Really, if you want a mid-1970s artistic masterpiece with voice-over narration just re-watch Barry Lyndon.
While I’m sure the film was refreshing to contemporary audiences for its ethos of “a little less conversation, a little more action,” cold-blooded murder along the romantic sundown horizons of the Dakotas, and some critics even called it one of the best film portrayals of the unhindered American spirit, Badlands is a snooze.
Regardless of the impressionistic imagery and unexplained, wanton violence, the film is essentially about a teenage girl with a intellectual disability who aimlessly followed a psychopath named Kit Carruthers, who within an hour on film transformed into a paranoid sociopath. At first we do not care for Kit in as much as we are puzzled and terrified by him. KIt started out as a young garbage man with a gun who drove around killing pretty much everybody he met, and especially those who asked questions or who were doing their errands, as if life were a toddler’s game. But by the end, as we see him preening and ingratiating himself with the cops, we realize who and what he is: a violent egotist. And there is nothing particularly interesting or novel about a violent egotist.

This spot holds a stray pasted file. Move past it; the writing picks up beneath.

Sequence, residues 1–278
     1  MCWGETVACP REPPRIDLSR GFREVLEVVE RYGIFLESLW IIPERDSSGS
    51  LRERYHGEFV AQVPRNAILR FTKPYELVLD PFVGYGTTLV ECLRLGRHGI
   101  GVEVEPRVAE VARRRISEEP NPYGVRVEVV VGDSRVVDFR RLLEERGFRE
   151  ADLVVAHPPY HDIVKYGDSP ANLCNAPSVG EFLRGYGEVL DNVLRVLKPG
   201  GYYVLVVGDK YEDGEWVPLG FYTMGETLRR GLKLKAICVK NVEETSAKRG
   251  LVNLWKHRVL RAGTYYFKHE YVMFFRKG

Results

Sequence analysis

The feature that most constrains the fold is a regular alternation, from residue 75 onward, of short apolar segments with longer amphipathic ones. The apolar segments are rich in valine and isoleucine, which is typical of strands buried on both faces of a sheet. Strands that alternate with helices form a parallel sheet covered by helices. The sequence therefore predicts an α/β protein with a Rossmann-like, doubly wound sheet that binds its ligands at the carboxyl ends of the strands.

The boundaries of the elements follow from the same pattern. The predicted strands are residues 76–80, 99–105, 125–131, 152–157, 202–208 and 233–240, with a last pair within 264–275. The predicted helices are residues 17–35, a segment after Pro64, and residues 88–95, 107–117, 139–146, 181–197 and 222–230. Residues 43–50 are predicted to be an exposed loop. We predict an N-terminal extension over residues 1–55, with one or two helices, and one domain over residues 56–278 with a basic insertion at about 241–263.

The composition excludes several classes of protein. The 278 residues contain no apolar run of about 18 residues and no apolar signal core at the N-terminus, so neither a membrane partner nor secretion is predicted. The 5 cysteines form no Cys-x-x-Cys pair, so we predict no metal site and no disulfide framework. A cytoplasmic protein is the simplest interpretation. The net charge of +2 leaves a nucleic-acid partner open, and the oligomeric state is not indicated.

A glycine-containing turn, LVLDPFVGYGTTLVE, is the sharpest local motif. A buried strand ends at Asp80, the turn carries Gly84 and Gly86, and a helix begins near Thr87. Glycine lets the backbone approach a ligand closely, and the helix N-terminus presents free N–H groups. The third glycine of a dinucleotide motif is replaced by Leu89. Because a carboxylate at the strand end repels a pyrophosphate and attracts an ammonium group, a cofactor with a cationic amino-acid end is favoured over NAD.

Neither Martin Sheen or SIssy Spacek seemed that enthused with the film, given the lack of chemistry between the two. In fact, it seemed like they acted as if they lived in separate universes or at least worked in separate films. And while Sheen may have changed his opinion of the film since 1973, the film cannot explain Kit the cold-blooded killer and Kit the wannabe superstar serial killer. Obviously, Malick had issues with integrating his source material—the killing spree of Charles Starkweather that Malick denied as an inspiration—with his own philosophies and theories of the bankruptcy and even psychosis of American culture. This is an undoing incongruity that not even the acting of Sheen and Spacek or the cinematography of Tak Fujimoto could hide.